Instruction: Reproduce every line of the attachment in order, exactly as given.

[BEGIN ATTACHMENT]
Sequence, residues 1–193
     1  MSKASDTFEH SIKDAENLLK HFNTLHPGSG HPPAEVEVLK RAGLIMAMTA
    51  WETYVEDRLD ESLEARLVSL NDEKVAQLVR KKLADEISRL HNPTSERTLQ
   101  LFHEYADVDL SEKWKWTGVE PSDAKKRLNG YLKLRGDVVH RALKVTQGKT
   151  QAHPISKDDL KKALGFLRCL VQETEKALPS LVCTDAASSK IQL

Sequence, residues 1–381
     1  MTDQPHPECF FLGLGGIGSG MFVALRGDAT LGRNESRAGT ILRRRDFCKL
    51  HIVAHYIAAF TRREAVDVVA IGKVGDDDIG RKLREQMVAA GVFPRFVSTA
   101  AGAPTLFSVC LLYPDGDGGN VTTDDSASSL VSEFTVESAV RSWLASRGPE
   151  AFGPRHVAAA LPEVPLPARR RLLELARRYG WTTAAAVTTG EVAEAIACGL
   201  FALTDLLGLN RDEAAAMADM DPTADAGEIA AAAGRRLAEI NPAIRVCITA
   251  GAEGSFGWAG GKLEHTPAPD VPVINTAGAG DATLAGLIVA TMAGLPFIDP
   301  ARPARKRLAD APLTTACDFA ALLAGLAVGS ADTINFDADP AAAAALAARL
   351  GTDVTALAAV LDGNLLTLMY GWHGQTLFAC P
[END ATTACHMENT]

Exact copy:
Sequence, residues 1–193
     1  MSKASDTFEH SIKDAENLLK HFNTLHPGSG HPPAEVEVLK RAGLIMAMTA
    51  WETYVEDRLD ESLEARLVSL NDEKVAQLVR KKLADEISRL HNPTSERTLQ
   101  LFHEYADVDL SEKWKWTGVE PSDAKKRLNG YLKLRGDVVH RALKVTQGKT
   151  QAHPISKDDL KKALGFLRCL VQETEKALPS LVCTDAASSK IQL

Sequence, residues 1–381
     1  MTDQPHPECF FLGLGGIGSG MFVALRGDAT LGRNESRAGT ILRRRDFCKL
    51  HIVAHYIAAF TRREAVDVVA IGKVGDDDIG RKLREQMVAA GVFPRFVSTA
   101  AGAPTLFSVC LLYPDGDGGN VTTDDSASSL VSEFTVESAV RSWLASRGPE
   151  AFGPRHVAAA LPEVPLPARR RLLELARRYG WTTAAAVTTG EVAEAIACGL
   201  FALTDLLGLN RDEAAAMADM DPTADAGEIA AAAGRRLAEI NPAIRVCITA
   251  GAEGSFGWAG GKLEHTPAPD VPVINTAGAG DATLAGLIVA TMAGLPFIDP
   301  ARPARKRLAD APLTTACDFA ALLAGLAVGS ADTINFDADP AAAAALAARL
   351  GTDVTALAAV LDGNLLTLMY GWHGQTLFAC P